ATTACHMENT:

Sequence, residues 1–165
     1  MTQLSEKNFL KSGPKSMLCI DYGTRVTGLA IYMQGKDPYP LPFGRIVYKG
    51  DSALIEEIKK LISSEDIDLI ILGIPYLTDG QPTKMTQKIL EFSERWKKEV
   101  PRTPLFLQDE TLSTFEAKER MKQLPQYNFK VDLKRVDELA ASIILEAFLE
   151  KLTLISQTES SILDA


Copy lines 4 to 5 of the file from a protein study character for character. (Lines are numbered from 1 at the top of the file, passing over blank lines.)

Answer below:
   101  PRTPLFLQDE TLSTFEAKER MKQLPQYNFK VDLKRVDELA ASIILEAFLE
   151  KLTLISQTES SILDA